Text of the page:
BBC Children's and Education is the BBC division responsible for media content for children in the UK. Since the launch of specially dedicated television channels in 2002, the services have been marketed under two brands. CBBC is aimed at children and teenagers aged between 7 and 17 with CBeebies offering content for younger viewers. Unlike CBeebies, the CBBC brand pre-dates the launch of these channels and before 2002, CBBC was also the brand name used for all of the BBC's children's programmes.
BBC Choice was a British television channel which was owned by the BBC and was launched on 23 September 1998. It was the first British TV channel to broadcast exclusively in digital format, as well as the BBC's second non-analogue-terrestrial channel launch.
CITV is a British free-to-air children's television channel owned by ITV plc. It broadcasts content from the CITV archive and acquisitions, every day from 6 am to 9 pm which was previously 6 am to 6 pm until 21 February 2016. It is also the title of a programming block on the ITV network at weekends.
BBC HD was a high-definition television channel provided by the BBC. The service was initially run as a trial from 15 May 2006 until becoming a full service on 1 December 2007 before closing on 26 March 2013. It broadcast only during the afternoon and evening and only broadcast material shot in high definition, either in a simulcast with another channel or by inserting a repeat of an HD programme.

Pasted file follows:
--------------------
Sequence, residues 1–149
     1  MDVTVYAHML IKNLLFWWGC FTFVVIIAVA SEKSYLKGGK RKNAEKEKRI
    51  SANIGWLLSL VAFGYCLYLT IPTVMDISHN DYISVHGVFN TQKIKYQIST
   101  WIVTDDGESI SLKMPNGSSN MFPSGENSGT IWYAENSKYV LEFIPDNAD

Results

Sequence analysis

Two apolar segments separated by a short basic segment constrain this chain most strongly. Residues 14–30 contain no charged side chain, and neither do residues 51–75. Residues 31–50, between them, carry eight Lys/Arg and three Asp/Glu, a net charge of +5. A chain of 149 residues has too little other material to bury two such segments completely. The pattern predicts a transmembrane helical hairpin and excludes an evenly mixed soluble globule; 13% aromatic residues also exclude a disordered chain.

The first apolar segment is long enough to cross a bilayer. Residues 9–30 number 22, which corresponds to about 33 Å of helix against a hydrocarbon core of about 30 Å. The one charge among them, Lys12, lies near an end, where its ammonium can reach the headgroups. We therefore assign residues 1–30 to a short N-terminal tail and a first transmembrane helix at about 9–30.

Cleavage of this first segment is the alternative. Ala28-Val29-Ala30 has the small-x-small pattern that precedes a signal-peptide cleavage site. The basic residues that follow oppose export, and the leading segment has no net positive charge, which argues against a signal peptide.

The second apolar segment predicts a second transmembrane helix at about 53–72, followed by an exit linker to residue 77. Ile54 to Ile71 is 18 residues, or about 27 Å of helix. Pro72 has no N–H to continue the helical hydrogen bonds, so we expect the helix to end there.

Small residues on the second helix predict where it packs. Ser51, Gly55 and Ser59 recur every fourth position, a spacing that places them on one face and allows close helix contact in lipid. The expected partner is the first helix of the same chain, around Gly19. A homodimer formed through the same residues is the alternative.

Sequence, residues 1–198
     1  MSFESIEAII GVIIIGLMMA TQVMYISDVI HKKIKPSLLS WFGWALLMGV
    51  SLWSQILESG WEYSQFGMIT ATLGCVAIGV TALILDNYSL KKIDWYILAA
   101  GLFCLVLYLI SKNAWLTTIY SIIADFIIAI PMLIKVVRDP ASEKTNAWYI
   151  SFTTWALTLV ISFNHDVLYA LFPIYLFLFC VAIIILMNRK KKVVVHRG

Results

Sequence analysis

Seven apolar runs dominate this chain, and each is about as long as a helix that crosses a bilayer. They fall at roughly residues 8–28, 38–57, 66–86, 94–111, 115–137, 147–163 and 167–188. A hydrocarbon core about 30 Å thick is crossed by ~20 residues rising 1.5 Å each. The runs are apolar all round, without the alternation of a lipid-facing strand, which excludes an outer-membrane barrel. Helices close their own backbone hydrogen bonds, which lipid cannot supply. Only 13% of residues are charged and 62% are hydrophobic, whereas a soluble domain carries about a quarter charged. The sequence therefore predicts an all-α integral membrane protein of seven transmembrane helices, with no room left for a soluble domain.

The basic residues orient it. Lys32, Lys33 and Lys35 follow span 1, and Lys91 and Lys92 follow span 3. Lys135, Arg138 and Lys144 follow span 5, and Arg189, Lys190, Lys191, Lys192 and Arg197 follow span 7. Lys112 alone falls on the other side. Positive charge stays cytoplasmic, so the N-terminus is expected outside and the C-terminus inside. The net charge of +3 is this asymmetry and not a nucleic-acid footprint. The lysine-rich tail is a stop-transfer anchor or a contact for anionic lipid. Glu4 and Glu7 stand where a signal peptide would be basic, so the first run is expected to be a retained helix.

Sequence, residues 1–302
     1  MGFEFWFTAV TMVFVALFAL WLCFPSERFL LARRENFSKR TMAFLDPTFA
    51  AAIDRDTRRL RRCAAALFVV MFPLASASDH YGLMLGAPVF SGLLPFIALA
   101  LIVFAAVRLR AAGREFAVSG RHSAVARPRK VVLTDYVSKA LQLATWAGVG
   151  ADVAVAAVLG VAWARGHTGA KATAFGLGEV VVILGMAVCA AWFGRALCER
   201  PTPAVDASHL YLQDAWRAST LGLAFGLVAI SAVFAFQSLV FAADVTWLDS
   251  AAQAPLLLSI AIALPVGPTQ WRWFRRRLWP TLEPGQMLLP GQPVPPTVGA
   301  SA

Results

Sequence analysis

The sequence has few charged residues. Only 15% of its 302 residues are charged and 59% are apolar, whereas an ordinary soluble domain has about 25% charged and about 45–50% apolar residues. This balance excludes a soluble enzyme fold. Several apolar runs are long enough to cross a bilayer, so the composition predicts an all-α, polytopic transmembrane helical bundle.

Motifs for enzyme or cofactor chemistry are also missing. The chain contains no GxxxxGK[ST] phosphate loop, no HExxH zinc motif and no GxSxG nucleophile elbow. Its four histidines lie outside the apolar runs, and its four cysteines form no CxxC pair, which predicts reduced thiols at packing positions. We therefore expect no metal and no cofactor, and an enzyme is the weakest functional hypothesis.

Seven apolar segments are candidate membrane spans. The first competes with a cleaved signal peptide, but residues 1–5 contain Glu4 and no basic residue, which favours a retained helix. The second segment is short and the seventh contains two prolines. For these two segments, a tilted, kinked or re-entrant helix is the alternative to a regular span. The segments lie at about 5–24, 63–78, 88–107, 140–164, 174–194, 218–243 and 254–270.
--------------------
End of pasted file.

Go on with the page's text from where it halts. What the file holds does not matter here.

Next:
BBC One Wales is a television channel operated by BBC Cymru Wales. It is the Welsh variation of the UK-wide BBC One and is broadcast from Central Square in Cardiff. BBC One Wales broadcasts around three hours of non-news programmes for Wales each week alongside six hours a week of national news for Wales from Wales Today.
BBC Alba is a Scottish Gaelic-language free-to-air television channel jointly owned by the BBC and MG Alba. The channel was launched on 19 September 2008 and is on-air for up to seven hours a day with BBC Radio nan Gàidheal simulcasts. The name Alba is the Scottish Gaelic name for Scotland. The station is unique in that it is the first channel to be delivered under a BBC licence by a partnership and is also the first multi-genre channel to come entirely from Scotland with almost all of its programmes made in Scotland.
High-definition television in the United Kingdom is available via cable, IPTV, satellite and terrestrial television. The first high-definition broadcasts began in late 2005 and since then the number of channels available to view has grown to a maximum of 87 that can be viewed on pay-TV service, Sky.
Freeview is the name for the collection of free-to-air services on the Digital Terrestrial Television platform in the United Kingdom. The service was launched at 5 am on 30 October 2002 and is jointly operated by its five equal shareholders – BBC, ITV, Channel 4, BSkyB and transmitter operator Arqiva. This article documents the history of the Freeview service, from its inception up to the present.
Throughout the years, Children's BBC, and later CBBC and CBeebies, have used a number of different identities. The branding of the stranded service is distinctive both in the past and at present.
This is a timeline of the history of non-flagship BBC television channels, i.e., BBC channels that have initially appeared on cable or satellite or digital television. The list excludes events from BBC One and BBC Two, unless they also relate to one of the other channels.
Children’s BBC Presentation was the BBC’s presentation of its programmes for children and which was the only part of BBC One and BBC Two's television presentation where the continuity announcer appeared on the TV screen rather than as a voice over.
This is a timeline of the history of the broadcasting of children’s programmes on BBC Television.